We headed to do some shopping and I bought my first item of Indian clothing, a mustard and wine red dress. Back on the bike, I was ready to head toward street food when Raj invited me to his house for dinner. A knot began in my stomach. I told him I had a plan to eat street food and that was what I wanted to do. I appreciated the invite but definitely did not want to go to this man’s house. He kept telling me and telling me so that finally I agreed but said that the main reason I didn’t want to go was that I had to get to bed early and I know that these family dinners can take a long time. He said we could go whenever I wanted.

Arrived at Raj’s, a poor family home in the middle of Mumbai. We parked the bike in a tiny alley and Raj asked if I needed the bathroom which was one public restroom designated for likely over a hundred people. I said, “no” and we entered a tiny pitch black hallway into the honeycomb structure of the homes here. We had to shift to be side first in order to pass other people either standing in the hallway or trying to get where they were going. Streams of fluorescent light came out of the sides of the hall as we passed people’s homes. I looked up to flourescent light from above where there were breaks in the “ceiling” of the hall and there were more floors of apartments. I occasionally met eyes with people in their living space as we walked through the maze to where Raj’s family lived.

We got into a room with a twin sized bed and colorful walls with pictures of family and Guru Babaji on the wall. A young woman was making Paratha and Roti for that night’s dinner. We sat down on the bed and talked and watched each bread ball become a flat griddled wonder. We wandered into another room where there were several kids, Raj’s dad and some women cooking. A family of 12 and a family of 5 shared 3 rooms. Preparing food for this many people in this small of a space must be a chore and it definitely looked harrowing with a cluttered floor as the work space.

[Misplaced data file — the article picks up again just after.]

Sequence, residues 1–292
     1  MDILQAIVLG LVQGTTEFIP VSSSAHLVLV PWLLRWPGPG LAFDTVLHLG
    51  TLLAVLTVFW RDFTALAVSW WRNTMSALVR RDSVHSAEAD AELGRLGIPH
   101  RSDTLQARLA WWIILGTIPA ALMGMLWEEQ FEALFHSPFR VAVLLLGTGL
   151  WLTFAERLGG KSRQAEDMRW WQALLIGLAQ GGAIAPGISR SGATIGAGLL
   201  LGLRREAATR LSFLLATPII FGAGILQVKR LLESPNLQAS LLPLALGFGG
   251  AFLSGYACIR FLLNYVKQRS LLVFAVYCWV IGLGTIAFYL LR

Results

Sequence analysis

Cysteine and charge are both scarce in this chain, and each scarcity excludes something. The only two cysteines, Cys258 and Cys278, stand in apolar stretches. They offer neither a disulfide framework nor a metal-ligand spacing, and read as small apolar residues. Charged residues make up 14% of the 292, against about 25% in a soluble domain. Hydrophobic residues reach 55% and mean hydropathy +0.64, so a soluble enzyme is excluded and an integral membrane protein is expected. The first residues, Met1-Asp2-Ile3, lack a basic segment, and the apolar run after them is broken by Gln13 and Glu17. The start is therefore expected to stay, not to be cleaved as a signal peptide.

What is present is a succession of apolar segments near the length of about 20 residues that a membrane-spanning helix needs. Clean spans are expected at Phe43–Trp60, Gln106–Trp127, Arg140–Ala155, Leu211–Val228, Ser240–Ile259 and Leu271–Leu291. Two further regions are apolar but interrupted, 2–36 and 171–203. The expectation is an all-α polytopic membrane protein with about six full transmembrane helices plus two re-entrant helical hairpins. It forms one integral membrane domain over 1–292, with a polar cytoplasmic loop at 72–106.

Entertainment while waiting for dinner to be ready was very loud top 100 Hindi hits blaring from two giant speakers that took up about 1/10 of the 7’x12’ room. Two of the kids came in and showed off their dancing talents which was pretty cute. Finally dinner, much of which was non-veg so I ate Paratha and aloo palak (potatoes with spinach) not nearly as good as the one I had in Hampi and I swear I detected Maggi (msg spice) or some equivalent. I was starting to feel really sad about the awesome street food I was missing but also was interested in what the daily life experience of an average Mumbai resident must be like. No privacy, no space, no escape. The extreme luxury of alone time set in and I felt anxiety about saying it was time to go as I suspected I might. It was no problem, Raj and I set off for a street food adventure. Unfortunately something got lost in translation and we wound up at the beach where the food looked generic and uninteresting to me. After clarifying what I wanted we wound up at a worse beach with poor representations of the same things that were at the first beach. I got a bit fed up and said I was just going to go back to the hotel. Raj dropped me off and I was happy not to have his oppressively clingy nature around any longer. The flight to Jaisalmer couldn’t come soon enough.

Radical Larder